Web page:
The use of climate forecasts is largely dependent on their production and dissemination. Forecasts will not be used if users do not think they are credible. Credibility is determined by the outcome of previous forecasts and user trust of the knowledge producer and/or communicator. In addition, forecasts will either not be used or will be used incorrectly if the forecast is communicated in inaccessible, difficult, and confusing language. Forecasts are also not necessarily used when the spatial and/or temporal scales of the forecasts are too large to be downscaled. Moreover, issues of forecast legitimacy arise when users question the political motive of the knowledge producer and/or communicator. Does the forecast recommend a behavioural change for one user group that would disproportionately benefit another user group? Does the forecast clash with traditional climate indicators and modes of climate production? In situations where forecast legitimacy is contested, users will ignore the forecast and any related advice (Patt and Gwata 2002).

Decision-making and implementation tend to be isolated from the local and social contexts. The vulnerability of a group is often determined by its relative location to a particular climate hazard (Suarez and Tall 2010). Vulnerability, however, is also influenced by power, agency, socio-economic factors, and so on. A relatively wealthy and politically connected community located in the direct path of a climate hazard may be less vulnerable than a poor and marginalized community located at its fringes. The resulting loss expected from a disaster and the range of plausible actions that can be taken before, during, and after a disaster are highly dependent on this vulnerability. In addition, decision-makers need to understand what the forecasts mean in the local context before they can make effective forecast-based decisions. For example, what does 500 mm of rain in this particular area mean given the topography and culture and livelihoods of the local people?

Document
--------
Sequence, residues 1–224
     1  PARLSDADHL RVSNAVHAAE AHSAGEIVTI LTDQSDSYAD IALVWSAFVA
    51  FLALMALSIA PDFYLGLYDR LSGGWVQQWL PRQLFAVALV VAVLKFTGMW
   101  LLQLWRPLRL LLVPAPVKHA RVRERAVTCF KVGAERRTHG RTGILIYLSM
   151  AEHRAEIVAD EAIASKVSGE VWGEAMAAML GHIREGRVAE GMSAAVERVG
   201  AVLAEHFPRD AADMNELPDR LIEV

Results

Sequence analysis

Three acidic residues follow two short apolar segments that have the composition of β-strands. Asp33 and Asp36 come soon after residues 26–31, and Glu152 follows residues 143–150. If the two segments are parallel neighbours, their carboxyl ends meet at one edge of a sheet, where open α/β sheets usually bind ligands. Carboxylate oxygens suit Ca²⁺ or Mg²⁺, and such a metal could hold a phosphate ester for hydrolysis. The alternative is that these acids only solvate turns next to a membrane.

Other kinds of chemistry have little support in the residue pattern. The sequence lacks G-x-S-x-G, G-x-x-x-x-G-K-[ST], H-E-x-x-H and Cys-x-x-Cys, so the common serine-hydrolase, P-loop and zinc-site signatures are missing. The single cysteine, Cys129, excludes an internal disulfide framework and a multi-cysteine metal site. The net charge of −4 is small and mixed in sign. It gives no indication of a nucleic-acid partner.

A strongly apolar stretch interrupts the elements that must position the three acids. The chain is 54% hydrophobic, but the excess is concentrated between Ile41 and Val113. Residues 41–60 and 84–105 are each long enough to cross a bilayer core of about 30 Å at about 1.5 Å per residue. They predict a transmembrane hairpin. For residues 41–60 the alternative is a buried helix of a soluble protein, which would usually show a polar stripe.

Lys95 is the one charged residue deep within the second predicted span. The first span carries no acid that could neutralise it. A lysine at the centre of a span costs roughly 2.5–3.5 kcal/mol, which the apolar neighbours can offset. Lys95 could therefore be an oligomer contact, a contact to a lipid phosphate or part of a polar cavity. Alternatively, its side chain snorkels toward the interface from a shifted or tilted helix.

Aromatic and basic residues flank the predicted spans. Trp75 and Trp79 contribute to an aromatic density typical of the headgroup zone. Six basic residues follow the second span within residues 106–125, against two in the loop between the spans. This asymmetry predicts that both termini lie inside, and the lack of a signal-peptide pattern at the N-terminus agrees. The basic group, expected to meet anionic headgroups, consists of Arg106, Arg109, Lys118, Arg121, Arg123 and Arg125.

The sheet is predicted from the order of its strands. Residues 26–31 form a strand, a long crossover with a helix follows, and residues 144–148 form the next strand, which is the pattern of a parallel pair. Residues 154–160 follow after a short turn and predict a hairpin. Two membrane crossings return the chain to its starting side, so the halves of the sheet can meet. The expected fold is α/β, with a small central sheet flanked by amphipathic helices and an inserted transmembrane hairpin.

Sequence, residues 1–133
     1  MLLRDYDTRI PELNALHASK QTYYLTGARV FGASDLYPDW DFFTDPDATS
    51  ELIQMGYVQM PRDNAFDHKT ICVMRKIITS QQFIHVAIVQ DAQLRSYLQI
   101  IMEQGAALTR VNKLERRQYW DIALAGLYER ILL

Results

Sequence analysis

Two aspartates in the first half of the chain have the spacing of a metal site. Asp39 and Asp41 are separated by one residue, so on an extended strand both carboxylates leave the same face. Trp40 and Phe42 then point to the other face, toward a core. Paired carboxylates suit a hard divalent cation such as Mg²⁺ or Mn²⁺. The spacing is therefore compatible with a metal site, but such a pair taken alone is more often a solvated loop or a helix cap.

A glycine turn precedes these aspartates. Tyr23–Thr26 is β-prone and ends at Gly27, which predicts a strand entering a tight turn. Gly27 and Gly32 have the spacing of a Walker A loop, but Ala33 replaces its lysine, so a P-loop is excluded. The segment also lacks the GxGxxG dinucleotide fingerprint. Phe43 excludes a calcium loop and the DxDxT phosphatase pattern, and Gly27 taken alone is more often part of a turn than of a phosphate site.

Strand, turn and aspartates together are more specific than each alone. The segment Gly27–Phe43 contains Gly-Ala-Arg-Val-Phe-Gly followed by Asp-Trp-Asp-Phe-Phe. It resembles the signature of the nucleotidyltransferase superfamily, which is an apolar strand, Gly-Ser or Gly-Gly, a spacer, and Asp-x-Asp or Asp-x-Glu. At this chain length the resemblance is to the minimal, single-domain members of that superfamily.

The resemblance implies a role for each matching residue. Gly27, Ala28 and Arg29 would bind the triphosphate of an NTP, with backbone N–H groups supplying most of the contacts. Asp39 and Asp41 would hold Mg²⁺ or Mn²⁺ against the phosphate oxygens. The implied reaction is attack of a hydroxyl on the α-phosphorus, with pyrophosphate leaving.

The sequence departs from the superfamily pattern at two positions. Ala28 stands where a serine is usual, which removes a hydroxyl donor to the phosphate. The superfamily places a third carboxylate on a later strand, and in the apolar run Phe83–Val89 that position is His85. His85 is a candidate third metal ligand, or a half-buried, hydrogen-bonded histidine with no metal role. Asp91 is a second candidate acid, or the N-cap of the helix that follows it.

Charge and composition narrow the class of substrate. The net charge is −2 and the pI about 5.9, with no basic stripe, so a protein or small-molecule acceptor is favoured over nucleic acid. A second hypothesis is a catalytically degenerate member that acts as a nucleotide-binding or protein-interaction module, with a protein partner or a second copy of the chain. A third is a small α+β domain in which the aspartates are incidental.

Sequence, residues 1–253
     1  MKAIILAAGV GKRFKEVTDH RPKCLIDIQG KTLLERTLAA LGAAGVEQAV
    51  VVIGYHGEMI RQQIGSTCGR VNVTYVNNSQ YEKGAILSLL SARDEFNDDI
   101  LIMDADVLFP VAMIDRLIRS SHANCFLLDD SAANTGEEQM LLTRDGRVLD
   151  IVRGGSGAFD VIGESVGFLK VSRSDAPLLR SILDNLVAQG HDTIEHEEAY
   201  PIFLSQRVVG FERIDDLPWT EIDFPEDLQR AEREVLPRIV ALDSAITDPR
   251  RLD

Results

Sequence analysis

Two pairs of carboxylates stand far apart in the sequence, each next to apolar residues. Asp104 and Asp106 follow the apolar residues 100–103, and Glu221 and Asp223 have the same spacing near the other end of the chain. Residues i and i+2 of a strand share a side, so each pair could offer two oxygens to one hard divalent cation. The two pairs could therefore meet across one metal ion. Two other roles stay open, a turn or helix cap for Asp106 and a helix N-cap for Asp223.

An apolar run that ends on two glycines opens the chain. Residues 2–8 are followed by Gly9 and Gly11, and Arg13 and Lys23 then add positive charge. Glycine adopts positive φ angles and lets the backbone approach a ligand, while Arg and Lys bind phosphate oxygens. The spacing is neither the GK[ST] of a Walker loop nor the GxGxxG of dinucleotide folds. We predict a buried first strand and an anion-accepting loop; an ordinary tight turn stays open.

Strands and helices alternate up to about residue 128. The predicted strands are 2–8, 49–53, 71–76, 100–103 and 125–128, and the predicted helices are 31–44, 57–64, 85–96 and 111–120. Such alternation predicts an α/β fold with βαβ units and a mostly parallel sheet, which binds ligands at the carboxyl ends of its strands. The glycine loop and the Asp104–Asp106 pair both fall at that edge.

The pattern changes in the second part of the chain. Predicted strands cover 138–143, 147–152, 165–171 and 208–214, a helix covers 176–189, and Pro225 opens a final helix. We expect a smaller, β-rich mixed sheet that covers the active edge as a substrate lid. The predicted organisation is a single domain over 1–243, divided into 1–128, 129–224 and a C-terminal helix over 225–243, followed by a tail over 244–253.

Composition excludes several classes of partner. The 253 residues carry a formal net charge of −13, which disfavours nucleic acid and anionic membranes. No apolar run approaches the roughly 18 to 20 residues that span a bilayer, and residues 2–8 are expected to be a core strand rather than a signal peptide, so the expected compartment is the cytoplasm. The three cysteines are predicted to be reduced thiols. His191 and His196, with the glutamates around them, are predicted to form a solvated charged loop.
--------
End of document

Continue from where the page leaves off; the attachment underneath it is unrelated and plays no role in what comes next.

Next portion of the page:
Overall, the process of climate forecast production, dissemination and use is too linear and divorced from its broader and complex social context (Vogel and O’Brien 2006).  Consequently, my goal while in Zambia is to reduce the gap existing between scientists, humanitarian aid workers, and local communities by understanding what climate forecasts mean in the local context and generating a set of recommendations on actions to take in the event of climate hazards as a means to minimize losses. These recommendations will be constructed by bringing together local and scientific knowledges.



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Suarez, P., & Tall, A. (2010). Towards forecast-based humanitarian decisions: Climate science to get from early warning to early action. HFP.